“Over the last decade, with wars in Iraq and Afghanistan, the laws of armed conflict have become matters of popular and public interest. Despite the growth of international humanitarian law, much of the law with which we still operate dates from the fifteen years just before the First World War and was applied within it. A Scrap of Paper is the first book to pay sustained attention to the subject of international law in the First World War since 1920. It is not only a timely book, it is an overdue one, and its impact on the study of the war will be important and game-changing. Isabel V. Hull has the linguistic range and scholarly tools to tackle the subject in the truly comparative fashion that its complexity demands.”

—Sir Hew Strachan, All Souls College, University of Oxford, author of The First World War: To Arms


Description:

A century after the outbreak of the Great War, we have forgotten the central role that international law and the dramatically different interpretations of it played in the conflict’s origins and conduct. In A Scrap of Paper, Isabel V. Hull compares wartime decision-making in Germany, Great Britain, and France, weighing the impact of legal considerations in each. Throughout, she emphasizes the profound tension between international law and military necessity in time of war, and demonstrates how differences in state structures and legal traditions shaped the way in which each of the three belligerents fought the war. Hull focuses on seven cases in which each government’s response was shaped by its understanding of and respect for the law: Belgian neutrality, the land war in the west, the occupation of enemy territory, the blockade, unrestricted submarine warfare, the introduction of new weaponry (including poison gas and the zeppelin), and reprisals. Drawing on voluminous research in German, British, and French archives, the author reconstructs the debates over military decision making and clarifies the role played by law—where it constrained action, where it was manipulated to serve military need, where it was simply ignored, and how it developed in the crucible of combat. She concludes that Germany did not speak the same legal language as the two liberal democracies, with disastrous and far-reaching consequences. The first book on international law and the Great War published since 1920, A Scrap of Paper is a passionate defense of the role that the law must play to govern interstate relations in both peace and war.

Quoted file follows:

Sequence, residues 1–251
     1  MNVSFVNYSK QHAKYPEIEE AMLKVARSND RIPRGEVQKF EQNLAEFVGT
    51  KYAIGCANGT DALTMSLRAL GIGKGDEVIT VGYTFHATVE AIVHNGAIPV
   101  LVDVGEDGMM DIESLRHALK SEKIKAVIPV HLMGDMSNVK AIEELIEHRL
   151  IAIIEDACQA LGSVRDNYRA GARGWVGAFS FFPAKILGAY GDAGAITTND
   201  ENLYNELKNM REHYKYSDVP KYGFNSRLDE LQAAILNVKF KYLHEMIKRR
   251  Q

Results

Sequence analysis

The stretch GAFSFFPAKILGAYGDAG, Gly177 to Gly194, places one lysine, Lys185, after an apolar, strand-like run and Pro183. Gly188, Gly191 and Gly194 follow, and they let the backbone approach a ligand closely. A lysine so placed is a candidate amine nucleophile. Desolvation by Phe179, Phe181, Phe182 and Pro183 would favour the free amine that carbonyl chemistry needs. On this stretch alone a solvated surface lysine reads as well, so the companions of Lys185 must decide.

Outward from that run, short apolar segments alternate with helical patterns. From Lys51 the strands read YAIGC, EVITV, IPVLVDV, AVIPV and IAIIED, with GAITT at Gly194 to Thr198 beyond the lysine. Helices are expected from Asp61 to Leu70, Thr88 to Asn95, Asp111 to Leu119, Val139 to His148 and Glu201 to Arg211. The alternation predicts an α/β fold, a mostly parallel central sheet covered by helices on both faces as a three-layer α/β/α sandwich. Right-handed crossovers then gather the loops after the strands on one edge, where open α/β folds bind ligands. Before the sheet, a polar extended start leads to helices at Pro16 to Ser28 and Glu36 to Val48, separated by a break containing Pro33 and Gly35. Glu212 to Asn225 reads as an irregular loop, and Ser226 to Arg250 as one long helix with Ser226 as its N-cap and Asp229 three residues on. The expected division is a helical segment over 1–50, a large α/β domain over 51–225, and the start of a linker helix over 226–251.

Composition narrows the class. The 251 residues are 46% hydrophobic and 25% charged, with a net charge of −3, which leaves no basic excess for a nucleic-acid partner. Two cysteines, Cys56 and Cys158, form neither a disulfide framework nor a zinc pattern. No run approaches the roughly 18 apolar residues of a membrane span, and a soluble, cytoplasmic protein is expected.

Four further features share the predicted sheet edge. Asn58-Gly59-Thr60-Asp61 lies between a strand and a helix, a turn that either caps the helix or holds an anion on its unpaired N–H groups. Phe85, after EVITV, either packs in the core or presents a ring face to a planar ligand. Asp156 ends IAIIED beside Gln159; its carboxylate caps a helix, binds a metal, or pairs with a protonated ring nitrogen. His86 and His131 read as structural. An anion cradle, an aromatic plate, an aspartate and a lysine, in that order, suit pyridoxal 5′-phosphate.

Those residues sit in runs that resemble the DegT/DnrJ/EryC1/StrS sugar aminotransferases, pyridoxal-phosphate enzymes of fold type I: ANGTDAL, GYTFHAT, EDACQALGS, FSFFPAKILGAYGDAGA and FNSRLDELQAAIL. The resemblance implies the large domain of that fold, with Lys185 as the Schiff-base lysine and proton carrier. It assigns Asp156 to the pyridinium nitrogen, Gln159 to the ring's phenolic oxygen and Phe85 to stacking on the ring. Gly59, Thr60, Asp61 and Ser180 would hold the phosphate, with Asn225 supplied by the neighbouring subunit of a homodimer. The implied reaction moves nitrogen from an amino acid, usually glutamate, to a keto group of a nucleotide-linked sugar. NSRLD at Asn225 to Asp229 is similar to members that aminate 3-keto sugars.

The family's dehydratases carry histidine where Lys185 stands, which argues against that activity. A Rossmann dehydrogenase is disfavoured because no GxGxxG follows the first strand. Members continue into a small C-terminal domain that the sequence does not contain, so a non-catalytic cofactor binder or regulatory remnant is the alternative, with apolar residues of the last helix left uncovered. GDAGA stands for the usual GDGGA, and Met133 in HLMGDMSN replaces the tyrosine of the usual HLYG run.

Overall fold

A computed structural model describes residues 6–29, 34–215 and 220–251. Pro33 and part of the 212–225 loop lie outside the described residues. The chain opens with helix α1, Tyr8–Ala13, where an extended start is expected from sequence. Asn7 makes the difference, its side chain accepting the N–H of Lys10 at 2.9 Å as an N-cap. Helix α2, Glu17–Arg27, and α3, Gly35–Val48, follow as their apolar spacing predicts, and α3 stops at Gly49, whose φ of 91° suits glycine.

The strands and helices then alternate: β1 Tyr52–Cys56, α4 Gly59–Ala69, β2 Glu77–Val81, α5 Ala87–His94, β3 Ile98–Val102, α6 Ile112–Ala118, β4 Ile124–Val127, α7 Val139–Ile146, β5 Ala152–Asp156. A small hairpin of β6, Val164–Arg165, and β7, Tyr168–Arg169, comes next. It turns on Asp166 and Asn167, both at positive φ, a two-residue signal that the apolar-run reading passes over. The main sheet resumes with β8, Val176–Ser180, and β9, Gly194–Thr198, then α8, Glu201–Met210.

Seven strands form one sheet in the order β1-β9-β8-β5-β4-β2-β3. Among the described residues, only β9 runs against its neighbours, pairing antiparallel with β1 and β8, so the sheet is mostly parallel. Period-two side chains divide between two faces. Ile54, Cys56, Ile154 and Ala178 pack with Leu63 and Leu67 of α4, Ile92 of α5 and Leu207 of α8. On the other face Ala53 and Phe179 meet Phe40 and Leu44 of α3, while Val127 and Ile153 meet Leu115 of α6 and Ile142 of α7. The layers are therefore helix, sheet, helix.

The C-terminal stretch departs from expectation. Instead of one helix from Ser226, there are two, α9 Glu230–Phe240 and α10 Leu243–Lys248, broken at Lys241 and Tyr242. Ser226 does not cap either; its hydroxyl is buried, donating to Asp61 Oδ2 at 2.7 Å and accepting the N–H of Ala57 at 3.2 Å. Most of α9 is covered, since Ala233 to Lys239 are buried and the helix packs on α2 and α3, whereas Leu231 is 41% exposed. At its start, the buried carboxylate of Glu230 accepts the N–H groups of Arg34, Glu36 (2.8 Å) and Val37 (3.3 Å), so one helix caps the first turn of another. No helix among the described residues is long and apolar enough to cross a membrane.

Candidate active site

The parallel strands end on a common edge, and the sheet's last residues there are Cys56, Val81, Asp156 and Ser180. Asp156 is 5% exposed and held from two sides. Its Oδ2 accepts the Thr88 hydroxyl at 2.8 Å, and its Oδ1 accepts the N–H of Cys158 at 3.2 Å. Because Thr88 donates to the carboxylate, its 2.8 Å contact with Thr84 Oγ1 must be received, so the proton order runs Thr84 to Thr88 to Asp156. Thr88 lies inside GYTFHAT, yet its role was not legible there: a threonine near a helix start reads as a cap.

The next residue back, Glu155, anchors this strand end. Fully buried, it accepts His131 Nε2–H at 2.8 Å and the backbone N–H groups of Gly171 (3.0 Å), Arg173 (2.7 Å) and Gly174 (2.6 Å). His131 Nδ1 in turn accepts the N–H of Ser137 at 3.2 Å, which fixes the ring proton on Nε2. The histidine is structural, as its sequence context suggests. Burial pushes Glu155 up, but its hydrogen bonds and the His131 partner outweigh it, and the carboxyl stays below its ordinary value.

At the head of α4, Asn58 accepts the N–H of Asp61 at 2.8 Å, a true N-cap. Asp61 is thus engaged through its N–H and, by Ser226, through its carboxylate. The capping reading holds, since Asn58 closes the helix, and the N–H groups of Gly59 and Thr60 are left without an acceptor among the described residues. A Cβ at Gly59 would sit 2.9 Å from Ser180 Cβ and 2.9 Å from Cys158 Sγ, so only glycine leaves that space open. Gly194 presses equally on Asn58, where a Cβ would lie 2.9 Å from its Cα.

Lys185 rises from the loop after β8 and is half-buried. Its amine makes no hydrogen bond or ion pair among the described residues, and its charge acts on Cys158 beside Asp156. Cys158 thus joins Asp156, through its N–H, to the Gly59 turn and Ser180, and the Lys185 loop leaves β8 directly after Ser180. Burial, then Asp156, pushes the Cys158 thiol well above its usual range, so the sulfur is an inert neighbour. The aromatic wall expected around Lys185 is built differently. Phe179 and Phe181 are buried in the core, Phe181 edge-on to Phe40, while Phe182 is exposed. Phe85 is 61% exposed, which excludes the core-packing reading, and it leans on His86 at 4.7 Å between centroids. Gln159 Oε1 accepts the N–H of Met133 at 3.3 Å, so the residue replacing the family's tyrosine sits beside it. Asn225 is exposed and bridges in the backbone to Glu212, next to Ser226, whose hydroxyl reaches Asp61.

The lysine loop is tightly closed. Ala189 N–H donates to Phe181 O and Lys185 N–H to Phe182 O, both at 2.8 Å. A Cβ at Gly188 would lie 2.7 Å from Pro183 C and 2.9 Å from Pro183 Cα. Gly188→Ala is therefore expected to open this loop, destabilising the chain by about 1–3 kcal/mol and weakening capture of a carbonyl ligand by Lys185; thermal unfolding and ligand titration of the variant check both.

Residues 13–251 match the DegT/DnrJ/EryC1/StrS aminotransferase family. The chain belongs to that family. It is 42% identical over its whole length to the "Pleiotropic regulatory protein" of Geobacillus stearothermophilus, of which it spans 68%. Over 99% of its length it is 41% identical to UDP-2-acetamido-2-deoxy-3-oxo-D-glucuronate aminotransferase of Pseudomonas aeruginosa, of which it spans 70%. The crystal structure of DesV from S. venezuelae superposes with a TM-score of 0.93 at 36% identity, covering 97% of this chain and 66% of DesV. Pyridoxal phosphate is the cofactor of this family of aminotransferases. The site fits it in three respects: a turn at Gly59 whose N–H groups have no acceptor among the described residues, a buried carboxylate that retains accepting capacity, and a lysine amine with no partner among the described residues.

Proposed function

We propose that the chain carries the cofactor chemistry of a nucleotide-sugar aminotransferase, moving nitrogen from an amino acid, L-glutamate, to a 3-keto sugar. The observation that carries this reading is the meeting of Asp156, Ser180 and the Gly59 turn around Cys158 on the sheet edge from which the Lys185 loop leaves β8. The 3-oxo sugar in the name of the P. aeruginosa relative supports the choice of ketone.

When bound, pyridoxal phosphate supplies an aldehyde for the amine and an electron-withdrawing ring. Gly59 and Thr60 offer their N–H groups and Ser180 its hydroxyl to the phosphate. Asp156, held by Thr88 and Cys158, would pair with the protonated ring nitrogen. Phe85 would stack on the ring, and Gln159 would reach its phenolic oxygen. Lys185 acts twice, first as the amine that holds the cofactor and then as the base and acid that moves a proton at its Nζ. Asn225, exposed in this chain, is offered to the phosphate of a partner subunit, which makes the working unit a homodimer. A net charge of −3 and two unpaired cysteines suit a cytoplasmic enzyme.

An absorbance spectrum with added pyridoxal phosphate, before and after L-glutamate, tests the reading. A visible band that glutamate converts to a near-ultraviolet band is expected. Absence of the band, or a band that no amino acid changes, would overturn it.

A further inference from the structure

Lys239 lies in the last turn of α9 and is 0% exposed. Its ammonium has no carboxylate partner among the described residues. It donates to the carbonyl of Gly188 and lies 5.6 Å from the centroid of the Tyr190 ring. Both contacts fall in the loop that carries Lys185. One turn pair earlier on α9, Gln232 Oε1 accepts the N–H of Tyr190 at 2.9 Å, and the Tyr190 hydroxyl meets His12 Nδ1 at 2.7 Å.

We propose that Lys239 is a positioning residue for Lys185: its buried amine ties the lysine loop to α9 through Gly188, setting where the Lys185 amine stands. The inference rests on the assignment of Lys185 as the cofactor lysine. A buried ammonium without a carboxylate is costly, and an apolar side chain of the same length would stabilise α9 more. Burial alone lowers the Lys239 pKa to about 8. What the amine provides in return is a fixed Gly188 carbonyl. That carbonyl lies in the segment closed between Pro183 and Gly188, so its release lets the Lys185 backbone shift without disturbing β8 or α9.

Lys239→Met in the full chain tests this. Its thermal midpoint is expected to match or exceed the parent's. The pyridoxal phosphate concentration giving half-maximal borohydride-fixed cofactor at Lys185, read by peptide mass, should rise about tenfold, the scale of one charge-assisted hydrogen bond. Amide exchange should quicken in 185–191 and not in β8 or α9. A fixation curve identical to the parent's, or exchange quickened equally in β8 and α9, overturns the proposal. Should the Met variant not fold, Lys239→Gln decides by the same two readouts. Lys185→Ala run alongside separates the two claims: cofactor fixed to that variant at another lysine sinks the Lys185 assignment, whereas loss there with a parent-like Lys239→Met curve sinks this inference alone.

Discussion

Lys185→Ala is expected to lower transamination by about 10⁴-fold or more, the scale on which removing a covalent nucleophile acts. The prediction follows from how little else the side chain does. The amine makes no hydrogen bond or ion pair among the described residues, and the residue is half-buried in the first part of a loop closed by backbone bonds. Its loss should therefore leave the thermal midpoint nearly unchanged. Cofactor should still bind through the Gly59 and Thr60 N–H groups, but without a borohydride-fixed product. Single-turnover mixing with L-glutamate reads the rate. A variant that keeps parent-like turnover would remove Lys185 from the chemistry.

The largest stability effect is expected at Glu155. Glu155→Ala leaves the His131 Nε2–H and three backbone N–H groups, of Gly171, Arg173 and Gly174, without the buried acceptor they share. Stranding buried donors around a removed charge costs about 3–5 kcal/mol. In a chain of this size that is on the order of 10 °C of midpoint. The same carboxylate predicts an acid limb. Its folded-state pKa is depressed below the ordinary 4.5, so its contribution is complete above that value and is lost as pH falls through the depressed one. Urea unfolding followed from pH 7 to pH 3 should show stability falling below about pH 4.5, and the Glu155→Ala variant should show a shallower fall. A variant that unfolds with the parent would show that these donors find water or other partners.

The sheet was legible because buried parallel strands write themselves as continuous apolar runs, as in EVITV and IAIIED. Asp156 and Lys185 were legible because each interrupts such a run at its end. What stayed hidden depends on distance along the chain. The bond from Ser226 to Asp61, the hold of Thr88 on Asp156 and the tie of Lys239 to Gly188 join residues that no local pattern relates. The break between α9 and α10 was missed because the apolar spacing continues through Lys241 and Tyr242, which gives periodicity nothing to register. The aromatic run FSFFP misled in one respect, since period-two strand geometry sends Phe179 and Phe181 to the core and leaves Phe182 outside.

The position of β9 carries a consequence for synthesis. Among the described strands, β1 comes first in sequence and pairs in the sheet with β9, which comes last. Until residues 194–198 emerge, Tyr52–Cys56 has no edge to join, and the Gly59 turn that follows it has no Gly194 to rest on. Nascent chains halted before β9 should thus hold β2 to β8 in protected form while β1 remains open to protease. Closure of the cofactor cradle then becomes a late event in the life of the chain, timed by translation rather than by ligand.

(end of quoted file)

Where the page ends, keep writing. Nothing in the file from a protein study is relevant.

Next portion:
Contents:

Preface

Acknowledgments

Abbreviations

Chapter 1. Prologue: What We Have Forgotten

Chapter 2. Belgian Neutrality

Chapter 3 The “Belgian Atrocities” and the Laws of War on Land

Chapter 4. Occupation and the Treatment of Enemy Civilians

Chapter 5. Great Britain and the Blockade

Chapter 6. Breaking and Making International Law: The Blockade, 1915–1918

Chapter 7. Germany and New Weapons: Submarines, Zeppelins, Poison Gas, Flamethrowers

Chapter 8. Unrestricted Submarine Warfare

Chapter 9. Reprisals: Prisoners of War and Allied Aerial Bombardment

Chapter 10. Conclusion

Bibliography

Index


About the Author:

Isabel V. Hull is John Stambaugh Professor of History at Cornell University. She is the author of Absolute Destruction and Sexuality, State and Civil Society in Germany, 1700–1815, both from Cornell.


Target Audience:

Useful for people interested in history, political science international law (laws of war, in particular). This book will be of interest to serious students of World War I, and for practitioners who need to understand how diplomacy, operational design, and strategic communications shape, and are shaped, by international law.